Many close advisors have come and gone under President Recep Tayyip Erdogan’s long tenure. Once important inner circle figures – such as Yigit Bulut, Yalcin Akdogan, Ilnur Cevik, Hilal Kaplan and Mustafa Varank – have lost much of their sway in the last two years. Until Russia’s arrival in Syria in 2015, Turkey’s decision-making system was managed through a network of power-brokers all vying for influence on Erdogan.
Turkey’s gradual transition into Moscow’s security orbit has fundamentally altered this system. Although most government figures in Ankara intensely dislike Russian influence, Moscow’s views are reshaping Erdogan’s advisory circle. First came the injection of strongly pro-Russian individuals – such as Vatan Party Chairman Dogu Perincek, a former senior National Intelligence Organization (MIT) operative, and his deputy chairman, former head of military intelligence Gen. Ismail Hakki Pekin. (Both are close associates of Russian Eurasianist ideologue Alexander Dugin’s.) These two figures became uniquely influential on all matters related to Syria, Iran and Iraq.
Next, old advisors were edged out. Formerly pro-EU and pro-US figures like Ilnur Cevik and Hilal Kaplan had to make repeated pro-Russian statements to the media in order to cling to their jobs. Those who did not – like Yigit Bulut, formerly the key advisor – were ultimately removed from the circle altogether. From January 2016 to July 2017, Erdogan’s key inner circle – which was normally no larger than six figures – expanded into an unwieldy body with more than 45 advisors. As a result, the ability of a single advisor to make a difference declined significantly, with Erdogan looking only at consensus policy options.
With little to do, the former insiders are now making a nuisance of themselves. Before, such figures disagreed in the shadows to preserve a public sense of cohesion and respect for the president. This is no longer the case. In September 2017, two of Erdogan’s key economy advisors – Bulent Gedikli and Cemil Ertem – fought a “Twitter war” over foreign trade deficit figures and currency exchange rate policy. Later, an Islamist columnist writing for the Yeni Cag newspaper (a fringe newspaper that sets micro-agendas among Islamist bureaucratic circles) reported in December 2017 on “insurmountable differences” between six well-known Erdogan advisors, all of whom were subsequently removed from their positions.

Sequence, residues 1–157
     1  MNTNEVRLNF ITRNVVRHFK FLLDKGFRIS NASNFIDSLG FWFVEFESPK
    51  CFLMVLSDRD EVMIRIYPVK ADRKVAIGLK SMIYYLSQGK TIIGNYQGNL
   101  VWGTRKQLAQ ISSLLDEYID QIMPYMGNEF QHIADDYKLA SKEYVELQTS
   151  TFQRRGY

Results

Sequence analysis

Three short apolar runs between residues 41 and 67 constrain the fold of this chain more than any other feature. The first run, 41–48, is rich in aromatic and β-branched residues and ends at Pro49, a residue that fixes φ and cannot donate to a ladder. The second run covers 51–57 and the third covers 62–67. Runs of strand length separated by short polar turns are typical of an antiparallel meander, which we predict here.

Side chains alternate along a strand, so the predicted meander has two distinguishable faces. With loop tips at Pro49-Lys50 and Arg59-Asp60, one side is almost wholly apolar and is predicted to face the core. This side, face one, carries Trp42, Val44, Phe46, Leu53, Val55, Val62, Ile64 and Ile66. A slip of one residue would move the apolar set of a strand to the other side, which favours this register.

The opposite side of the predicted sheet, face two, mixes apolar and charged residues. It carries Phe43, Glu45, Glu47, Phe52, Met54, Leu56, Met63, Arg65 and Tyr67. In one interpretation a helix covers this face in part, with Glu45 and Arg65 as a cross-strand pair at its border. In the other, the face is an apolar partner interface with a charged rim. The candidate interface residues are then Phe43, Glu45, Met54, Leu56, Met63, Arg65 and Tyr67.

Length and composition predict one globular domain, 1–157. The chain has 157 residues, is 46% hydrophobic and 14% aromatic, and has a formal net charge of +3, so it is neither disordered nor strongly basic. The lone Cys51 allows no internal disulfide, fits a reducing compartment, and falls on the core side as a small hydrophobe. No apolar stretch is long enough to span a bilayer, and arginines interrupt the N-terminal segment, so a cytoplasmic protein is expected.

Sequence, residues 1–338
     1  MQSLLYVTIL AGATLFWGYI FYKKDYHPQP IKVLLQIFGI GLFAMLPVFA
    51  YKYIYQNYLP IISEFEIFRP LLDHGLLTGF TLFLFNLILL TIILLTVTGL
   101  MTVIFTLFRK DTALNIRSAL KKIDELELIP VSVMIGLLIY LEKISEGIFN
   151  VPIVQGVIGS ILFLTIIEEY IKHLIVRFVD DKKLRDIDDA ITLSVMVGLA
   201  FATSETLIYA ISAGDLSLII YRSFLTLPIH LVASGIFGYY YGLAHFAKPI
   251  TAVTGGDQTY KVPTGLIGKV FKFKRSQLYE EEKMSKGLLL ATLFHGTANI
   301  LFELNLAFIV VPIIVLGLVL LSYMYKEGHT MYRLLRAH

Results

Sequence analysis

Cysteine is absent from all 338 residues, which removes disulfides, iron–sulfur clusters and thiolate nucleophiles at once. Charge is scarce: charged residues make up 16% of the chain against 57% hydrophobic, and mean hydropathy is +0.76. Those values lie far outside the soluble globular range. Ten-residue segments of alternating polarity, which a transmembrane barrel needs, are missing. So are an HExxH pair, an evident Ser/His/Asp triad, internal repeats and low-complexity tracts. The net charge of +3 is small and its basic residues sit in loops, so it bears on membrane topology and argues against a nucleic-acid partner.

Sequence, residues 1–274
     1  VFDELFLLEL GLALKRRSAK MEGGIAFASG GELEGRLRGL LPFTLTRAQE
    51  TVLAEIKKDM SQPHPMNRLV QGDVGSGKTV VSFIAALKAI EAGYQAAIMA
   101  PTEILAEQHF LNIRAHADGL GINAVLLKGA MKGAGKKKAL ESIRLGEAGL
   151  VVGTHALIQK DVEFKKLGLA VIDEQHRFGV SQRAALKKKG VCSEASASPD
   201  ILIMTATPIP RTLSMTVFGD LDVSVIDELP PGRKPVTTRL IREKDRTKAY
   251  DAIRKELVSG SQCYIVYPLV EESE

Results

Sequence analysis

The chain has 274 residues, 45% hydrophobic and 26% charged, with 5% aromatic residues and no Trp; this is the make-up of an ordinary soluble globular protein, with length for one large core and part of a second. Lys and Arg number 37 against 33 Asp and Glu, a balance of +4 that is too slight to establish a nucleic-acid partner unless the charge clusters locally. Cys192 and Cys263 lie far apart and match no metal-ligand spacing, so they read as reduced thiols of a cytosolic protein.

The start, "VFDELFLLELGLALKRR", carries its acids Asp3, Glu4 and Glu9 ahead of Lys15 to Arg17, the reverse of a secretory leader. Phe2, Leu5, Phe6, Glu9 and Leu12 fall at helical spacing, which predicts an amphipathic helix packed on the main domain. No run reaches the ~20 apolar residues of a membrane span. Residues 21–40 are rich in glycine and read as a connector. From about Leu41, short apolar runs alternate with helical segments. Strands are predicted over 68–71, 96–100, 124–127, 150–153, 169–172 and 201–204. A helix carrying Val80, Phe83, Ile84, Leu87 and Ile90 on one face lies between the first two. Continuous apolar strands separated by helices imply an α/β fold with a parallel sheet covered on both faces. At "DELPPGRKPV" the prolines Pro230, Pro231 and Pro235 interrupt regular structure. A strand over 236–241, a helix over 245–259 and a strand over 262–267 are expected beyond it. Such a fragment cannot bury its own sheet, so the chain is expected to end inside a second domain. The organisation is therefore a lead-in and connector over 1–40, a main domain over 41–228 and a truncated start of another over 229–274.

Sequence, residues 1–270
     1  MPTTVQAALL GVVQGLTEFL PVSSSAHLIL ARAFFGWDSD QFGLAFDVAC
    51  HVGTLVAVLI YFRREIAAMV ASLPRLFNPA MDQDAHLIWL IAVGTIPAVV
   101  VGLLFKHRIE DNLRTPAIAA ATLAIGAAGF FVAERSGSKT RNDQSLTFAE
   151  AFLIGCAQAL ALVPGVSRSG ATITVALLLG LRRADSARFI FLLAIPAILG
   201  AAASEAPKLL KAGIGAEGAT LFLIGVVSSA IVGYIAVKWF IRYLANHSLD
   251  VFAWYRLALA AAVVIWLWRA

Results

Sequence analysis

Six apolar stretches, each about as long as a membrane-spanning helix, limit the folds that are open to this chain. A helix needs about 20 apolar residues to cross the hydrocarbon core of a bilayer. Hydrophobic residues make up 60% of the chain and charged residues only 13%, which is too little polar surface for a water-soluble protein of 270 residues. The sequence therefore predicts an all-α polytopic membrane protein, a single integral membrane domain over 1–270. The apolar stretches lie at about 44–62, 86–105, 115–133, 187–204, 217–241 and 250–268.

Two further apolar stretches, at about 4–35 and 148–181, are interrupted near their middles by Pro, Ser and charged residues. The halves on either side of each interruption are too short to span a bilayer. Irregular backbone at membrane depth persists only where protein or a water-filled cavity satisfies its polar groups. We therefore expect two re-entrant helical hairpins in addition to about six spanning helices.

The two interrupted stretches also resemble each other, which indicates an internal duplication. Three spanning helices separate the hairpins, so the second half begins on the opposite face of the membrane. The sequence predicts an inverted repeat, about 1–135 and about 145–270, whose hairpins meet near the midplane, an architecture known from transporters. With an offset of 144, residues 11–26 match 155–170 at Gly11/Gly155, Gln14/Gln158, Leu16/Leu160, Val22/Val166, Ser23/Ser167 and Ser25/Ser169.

At present, even higher-level figures are also openly feuding. In January 2018, Minister of Interior Suleyman Soylu had a visible quarrel during a Justice and Development Party (AKP) meeting with Fatma Betul Sayan Kaya, the Minister of Family and Social Policies and a childhood friend of Minister of Energy Berat Albayrak’s, Erdogan’s son-in-law. The argument was over Turkey’s Afrin operation, which Kaya accused Soylu of mismanaging. The incident – which pitted Erdogan’s family circle against a powerful security minister – would have never occurred under earlier circumstances, or would have been conducted in private. This is a troubling trend for the AKP ahead of the snap elections likely to be called later this year.
These are signs of deterioration in Erdogan’s control system, as the evolving government structure is anything but business-as-usual. Key ministers and advisors are frustrated at their growing irrelevance. As key policy issues like foreign relations and internal security are increasingly negotiated and brokered through Turkish, Russian, Iranian and Iraqi military diplomacy, Erdogan is becoming more dependent on external factors (especially Russia) than internal ones. In this externally generated policy environment, much of the advisory energy that could be allocated to policy formulation and oversight is instead spent on internal tensions and Byzantine intrigues in Ankara. In our assessment, this is making Erdogan more vulnerable to domestic political shocks. Russia’s influence – and secondarily that of Iran and Iraq – will also shape investment, security and market regulatory decisions in Turkish foreign policy.